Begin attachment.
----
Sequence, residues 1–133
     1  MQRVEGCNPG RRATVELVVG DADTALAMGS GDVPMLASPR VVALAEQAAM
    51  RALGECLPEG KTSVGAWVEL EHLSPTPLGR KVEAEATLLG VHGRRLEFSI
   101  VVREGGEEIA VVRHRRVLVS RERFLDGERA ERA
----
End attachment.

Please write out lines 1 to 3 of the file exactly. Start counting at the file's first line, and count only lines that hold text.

Sequence, residues 1–133
     1  MQRVEGCNPG RRATVELVVG DADTALAMGS GDVPMLASPR VVALAEQAAM
    51  RALGECLPEG KTSVGAWVEL EHLSPTPLGR KVEAEATLLG VHGRRLEFSI